HARVARD BUSINESS SCHOOL PROFESSOR ALFRED D. CHANDLER, JR., PREEMINENT BUSINESS HISTORIAN, DEAD AT 88
Alfred D. Chandler, Jr.
Photo: Stuart Cahill
BOSTON – Alfred D. Chandler, Jr., the renowned Pulitzer Prize-winning Harvard Business School historian whose greatest accomplishment, according to HBS professor emeritus Thomas K. McCraw, was to “establish business history as an independent and important area for study,” died on Wednesday, May 9, at Youville Hospital in Cambridge, Mass., at the age of 88. In his long and legendary career, he chronicled and analyzed big businesses around the globe in a prolific and extraordinarily influential corpus of books and articles. At the time of his death, he was the School’s Isidor Straus Professor of Business History Emeritus.
Like no one before him, Chandler, who in the 1950s helped Alfred P. Sloan, the creator of the modern General Motors when it was an industrial colossus, write his famous autobiography My Years with General Motors, investigated the dynamic factors that made the American economy and its businesses succeed so triumphantly in the late nineteenth and early twentieth centuries. The key factors, as Chandler saw them, were the rise of the railroad, concentrated urban markets, mass production techniques, electrification, the internal combustion engine, and research and development.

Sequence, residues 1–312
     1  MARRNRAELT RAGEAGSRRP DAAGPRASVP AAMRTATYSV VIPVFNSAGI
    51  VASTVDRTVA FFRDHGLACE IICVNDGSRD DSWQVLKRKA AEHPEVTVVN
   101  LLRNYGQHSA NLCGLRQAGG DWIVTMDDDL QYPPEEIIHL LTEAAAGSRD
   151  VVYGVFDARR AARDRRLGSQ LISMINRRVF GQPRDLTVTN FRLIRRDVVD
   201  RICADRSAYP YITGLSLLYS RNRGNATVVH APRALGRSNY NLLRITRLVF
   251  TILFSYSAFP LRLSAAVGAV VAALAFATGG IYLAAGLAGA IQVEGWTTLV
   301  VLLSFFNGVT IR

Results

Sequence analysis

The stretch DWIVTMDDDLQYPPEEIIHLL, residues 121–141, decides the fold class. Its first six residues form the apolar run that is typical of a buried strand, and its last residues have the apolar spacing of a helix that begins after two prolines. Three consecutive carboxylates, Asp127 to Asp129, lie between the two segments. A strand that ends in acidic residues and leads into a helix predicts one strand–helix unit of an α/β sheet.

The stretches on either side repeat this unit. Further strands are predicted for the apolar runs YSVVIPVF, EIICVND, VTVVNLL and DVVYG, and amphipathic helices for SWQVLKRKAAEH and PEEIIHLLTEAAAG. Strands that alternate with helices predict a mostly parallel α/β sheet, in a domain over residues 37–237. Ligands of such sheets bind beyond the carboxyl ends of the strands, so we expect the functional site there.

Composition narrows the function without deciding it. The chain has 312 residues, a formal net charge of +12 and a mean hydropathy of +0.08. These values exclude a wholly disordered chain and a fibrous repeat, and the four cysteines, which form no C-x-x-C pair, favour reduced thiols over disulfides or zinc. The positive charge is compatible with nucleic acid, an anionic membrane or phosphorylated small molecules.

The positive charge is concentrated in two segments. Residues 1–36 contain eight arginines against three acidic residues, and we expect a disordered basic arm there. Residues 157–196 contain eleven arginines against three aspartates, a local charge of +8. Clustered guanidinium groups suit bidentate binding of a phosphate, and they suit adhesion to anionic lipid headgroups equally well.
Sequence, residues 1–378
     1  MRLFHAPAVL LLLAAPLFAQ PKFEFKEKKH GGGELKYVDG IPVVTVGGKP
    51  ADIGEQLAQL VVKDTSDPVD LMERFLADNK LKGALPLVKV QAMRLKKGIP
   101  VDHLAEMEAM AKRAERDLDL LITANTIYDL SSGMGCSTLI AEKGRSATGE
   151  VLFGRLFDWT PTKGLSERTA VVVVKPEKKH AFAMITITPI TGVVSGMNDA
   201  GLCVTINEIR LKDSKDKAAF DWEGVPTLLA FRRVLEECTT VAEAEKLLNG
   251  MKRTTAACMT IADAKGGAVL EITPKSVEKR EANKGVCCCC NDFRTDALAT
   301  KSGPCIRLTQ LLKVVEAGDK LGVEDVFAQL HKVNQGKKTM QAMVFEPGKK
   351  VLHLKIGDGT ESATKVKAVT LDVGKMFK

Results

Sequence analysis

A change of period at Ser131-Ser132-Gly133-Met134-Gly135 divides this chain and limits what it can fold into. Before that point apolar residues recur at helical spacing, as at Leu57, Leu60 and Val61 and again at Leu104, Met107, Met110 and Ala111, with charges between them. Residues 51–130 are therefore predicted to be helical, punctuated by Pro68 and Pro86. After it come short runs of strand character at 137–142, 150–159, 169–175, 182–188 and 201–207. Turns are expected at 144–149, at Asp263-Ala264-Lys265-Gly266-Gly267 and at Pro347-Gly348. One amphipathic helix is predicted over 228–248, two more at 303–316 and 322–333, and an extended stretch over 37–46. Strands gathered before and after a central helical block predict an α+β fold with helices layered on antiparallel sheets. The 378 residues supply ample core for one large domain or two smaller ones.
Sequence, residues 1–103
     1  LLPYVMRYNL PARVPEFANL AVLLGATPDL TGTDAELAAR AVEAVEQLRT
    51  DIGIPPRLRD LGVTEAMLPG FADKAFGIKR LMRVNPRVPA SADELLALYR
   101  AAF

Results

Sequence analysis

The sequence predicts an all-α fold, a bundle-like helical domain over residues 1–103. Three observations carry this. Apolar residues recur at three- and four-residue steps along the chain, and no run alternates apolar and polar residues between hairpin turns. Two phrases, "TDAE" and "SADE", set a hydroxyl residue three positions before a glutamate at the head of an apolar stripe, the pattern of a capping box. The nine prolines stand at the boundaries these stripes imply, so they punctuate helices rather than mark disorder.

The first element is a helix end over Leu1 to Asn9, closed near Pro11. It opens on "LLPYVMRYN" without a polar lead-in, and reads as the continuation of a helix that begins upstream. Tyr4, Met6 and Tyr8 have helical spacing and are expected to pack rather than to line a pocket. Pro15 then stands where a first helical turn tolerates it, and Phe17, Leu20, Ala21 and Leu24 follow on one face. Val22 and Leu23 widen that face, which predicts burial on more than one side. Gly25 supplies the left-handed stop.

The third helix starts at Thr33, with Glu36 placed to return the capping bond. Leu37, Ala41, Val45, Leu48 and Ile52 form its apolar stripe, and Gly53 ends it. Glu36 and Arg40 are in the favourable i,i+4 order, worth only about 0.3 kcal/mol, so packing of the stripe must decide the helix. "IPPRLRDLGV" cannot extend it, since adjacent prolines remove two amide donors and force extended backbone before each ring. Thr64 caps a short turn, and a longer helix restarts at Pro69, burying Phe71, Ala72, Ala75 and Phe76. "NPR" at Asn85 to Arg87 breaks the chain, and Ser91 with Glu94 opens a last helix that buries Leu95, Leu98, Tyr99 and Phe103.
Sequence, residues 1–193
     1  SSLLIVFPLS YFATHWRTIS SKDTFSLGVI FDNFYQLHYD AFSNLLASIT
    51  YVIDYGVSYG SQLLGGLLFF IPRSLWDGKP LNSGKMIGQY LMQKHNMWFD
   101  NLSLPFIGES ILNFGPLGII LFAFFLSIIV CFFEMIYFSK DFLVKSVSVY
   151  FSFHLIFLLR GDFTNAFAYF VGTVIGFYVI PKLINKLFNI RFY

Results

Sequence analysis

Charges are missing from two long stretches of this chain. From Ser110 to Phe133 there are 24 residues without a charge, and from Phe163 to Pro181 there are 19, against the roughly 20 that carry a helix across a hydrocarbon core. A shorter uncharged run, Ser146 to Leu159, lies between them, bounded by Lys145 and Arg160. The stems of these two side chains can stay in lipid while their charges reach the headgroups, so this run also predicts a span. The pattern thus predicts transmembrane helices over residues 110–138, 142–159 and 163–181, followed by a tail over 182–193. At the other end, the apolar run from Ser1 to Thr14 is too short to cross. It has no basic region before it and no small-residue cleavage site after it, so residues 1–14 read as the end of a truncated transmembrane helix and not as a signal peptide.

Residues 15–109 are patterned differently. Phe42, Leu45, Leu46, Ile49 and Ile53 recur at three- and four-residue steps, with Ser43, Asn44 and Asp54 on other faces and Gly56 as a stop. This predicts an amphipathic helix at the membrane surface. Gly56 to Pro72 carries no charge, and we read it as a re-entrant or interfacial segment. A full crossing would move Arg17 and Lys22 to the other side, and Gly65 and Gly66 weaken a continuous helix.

He concluded that successful industrial corporations intelligently harnessed and exploited these forces and made the transition from entrepreneurial enterprises to multidivisional, vertically integrated companies. In essence, the creation and development of modern managerial capitalism was the driver of American business success. “What counts are people – their skills, knowledge and experience,” he said.
Alfred D. Chandler, Jr.
Photo: Richard Chase
Chandler’s landmark books and articles influenced generations of scholars in many countries and numerous disciplines, including history, economics, sociology, and management science. While his central ideas about industrial change emerged and evolved in each work, he always examined the same basic set of questions: How were things done at a certain time, how were they done later, and what happened to cause the change.
“Al Chandler revolutionized the field of business history and nurtured it at this School with the help of outstanding colleagues who worked closely with him and admired him as a mentor and friend,” said Jay Light, Dean of Harvard Business School. “Through his teaching and research and the comprehensive collection of papers he donated to our library’s historical collections, he has left a lasting mark on scholars and students at HBS and far beyond.”
In Strategy and Structure, published in 1962, Chandler examined four U.S. industrial giants from the 1900s to the 1940s, focusing on the executives who devised the decentralized, multidivisional structure of the large corporation. Through a detailed study of General Motors, DuPont, Exxon, and Sears, Roebuck & Company, he showed that organizational structure is a direct result of strategy. The book helped spawn the field of corporate strategy and made the maxim “strategy precedes structure” a staple of corporate management during the 1960s and 1970s. According to his longtime friend and colleague, HBS historian Thomas K. McCraw, who succeeded Chandler as Straus Professor, “that insight constituted a redefinition of the entire field.”